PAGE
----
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Economic Climate Ripe for Allegations of Real Estate Fraud in Santa Ana

March 29, 2011

A 57-year-old woman pleaded "absolutely not guilty" to charges of real estate fraud in Santa Ana after authorities accuse her of swindling nuns out of $285,000 in a fraudulent property deal, according to the Orange County Register.

A Santa Ana real estate defense lawyer should be consulted as early as possible in such investigations. Allegations have skyrocketed since the downturn in the economy. In many cases, it is the same banks or mortgage companies that caused the meltdown that are now claiming fraud over no-doc mortgage loans and other questionable deals. In other cases, legitimate investors were caught holding property when the music stopped and were financially ruined only to face charges of criminal wrongdoing.
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And in still other cases investors made bad deals and now want to claim criminal wrongdoing.

These are complex cases. And what has not increased through this process is the resources dedicated to them by state and federal government -- even as the number of allegations and prosecutions exploded. The resulting chances of being caught up in a questionable prosecution are significant. In many cases, authorities hope to just move clients through the system by offering them pleas.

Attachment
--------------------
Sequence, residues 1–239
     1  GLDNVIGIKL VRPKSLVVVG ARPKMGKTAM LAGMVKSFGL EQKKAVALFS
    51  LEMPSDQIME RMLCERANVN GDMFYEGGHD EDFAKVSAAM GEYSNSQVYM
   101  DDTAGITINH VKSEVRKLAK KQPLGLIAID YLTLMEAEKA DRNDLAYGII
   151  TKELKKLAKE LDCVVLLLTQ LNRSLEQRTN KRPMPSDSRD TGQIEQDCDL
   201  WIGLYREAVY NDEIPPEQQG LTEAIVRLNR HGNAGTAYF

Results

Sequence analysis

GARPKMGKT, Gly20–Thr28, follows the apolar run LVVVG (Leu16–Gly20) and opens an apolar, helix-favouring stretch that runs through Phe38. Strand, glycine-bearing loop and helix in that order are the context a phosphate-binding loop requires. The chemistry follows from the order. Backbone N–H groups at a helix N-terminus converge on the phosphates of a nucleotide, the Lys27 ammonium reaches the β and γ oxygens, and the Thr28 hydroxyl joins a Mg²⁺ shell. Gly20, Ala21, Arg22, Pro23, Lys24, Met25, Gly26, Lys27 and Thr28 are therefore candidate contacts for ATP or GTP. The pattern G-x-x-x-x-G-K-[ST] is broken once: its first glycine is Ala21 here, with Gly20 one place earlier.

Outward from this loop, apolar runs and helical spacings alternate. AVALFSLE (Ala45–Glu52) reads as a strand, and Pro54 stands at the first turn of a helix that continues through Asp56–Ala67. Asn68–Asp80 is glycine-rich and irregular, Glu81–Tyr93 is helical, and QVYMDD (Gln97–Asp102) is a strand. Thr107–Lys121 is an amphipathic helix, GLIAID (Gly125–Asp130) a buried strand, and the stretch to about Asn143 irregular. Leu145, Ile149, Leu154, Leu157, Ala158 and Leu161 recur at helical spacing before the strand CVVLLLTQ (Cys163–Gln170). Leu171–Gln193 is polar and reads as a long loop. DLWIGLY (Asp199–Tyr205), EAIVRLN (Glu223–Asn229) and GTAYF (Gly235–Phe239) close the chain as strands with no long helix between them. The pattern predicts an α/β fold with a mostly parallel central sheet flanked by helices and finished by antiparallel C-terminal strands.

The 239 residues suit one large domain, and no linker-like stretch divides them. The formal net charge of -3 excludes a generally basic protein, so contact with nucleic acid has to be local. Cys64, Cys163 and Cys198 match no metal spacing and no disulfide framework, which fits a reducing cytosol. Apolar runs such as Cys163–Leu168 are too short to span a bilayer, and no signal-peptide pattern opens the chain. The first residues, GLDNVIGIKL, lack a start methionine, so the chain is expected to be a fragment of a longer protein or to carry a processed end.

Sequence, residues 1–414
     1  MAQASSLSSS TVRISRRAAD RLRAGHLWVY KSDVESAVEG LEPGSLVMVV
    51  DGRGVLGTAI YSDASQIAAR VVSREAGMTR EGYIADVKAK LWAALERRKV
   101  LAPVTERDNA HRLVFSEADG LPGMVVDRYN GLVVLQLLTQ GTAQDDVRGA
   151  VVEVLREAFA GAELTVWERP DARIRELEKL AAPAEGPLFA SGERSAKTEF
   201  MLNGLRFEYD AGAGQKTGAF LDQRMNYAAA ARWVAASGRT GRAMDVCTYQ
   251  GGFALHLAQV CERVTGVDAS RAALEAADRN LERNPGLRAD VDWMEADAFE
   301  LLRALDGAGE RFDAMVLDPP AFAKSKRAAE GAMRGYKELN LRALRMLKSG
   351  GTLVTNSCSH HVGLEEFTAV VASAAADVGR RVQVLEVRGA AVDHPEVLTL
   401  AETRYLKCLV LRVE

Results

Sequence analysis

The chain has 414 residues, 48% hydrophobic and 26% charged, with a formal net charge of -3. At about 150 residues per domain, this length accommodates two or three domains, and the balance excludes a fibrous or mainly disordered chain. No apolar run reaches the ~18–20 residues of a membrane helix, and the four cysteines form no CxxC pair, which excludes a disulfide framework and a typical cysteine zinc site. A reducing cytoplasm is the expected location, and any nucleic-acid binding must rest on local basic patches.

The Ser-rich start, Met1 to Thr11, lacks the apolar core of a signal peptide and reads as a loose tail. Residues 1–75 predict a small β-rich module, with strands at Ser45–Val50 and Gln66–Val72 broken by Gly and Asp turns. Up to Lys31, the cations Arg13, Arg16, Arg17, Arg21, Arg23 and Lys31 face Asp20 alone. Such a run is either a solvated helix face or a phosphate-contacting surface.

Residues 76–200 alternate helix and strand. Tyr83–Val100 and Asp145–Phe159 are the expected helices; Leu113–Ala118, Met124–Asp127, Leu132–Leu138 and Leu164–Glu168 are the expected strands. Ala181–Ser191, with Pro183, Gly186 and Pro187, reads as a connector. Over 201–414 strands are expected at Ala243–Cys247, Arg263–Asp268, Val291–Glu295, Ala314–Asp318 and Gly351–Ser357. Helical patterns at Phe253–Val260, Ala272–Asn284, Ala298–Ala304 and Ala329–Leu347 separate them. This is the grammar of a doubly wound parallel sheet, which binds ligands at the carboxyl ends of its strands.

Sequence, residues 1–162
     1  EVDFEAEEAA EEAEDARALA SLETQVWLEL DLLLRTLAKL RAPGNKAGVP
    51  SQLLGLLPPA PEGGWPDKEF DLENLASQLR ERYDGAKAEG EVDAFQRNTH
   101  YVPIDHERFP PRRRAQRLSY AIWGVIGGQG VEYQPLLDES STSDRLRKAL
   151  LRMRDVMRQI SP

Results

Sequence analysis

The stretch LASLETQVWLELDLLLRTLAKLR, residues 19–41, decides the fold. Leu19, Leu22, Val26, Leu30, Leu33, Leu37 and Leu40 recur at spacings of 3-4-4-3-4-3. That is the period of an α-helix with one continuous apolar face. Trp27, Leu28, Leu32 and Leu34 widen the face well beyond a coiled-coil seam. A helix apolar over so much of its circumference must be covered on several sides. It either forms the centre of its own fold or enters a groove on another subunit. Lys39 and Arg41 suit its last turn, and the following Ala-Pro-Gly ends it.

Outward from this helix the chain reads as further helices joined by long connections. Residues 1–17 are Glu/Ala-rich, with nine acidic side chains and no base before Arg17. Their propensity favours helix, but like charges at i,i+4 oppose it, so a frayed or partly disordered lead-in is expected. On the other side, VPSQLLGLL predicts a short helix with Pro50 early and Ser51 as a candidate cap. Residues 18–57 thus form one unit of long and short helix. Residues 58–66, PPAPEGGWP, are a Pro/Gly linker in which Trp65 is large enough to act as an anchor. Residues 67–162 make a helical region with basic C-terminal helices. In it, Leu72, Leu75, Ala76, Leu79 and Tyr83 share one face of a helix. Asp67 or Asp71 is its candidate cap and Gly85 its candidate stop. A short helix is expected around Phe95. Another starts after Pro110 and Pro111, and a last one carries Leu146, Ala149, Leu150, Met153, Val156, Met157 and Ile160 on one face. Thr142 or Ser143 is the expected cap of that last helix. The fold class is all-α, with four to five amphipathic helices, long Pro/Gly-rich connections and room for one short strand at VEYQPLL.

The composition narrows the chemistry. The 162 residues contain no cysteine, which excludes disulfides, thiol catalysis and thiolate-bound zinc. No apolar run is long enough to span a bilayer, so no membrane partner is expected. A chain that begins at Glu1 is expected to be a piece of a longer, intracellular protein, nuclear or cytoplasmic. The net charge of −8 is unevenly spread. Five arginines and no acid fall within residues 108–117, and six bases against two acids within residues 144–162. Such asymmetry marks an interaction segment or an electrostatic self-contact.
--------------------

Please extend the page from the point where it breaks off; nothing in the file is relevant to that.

In this case, the defendant surrendered to the Federal Bureau of Investigation to face three counts of wire fraud. The U.S. Attorney's Office for the Central District of Florida claims the defendant used the money to pay for personal expenses, including pet sitting and lingerie. She is accused of defrauding the U.S. Province of the Religious of Jesus and Mary, Inc. a congregation of Roman Catholic sisters based in Rhode Island.

The defendant operated Rose Enterprises Inc, in Tustin, a business that assisted clients with delinquent mortgages and real estate transactions. When she learned the sisters were interested in purchasing property in San Diego, she allegedly used a fake letter from a California attorney to convince the nuns to wire the funds.

In other fraud news this month, The Orange County Register reports a broker is facing charges of real estate fraud in Irvine after a longtime friend accused him of stealing $1.75 million.

The allegations involve a plan to buy, rehab and sell distressed homes for a profit.

If you are facing charges of real estate fraud in Santa Ana, contact the Law Offices of Vincent J. LaBarbera Jr. to discuss your rights. Through three decades of experienced, Attorney LaBarbera has argued over 200 criminal trials and appeals. Call (714) 541-9668 for a confidential appointment to discuss your rights.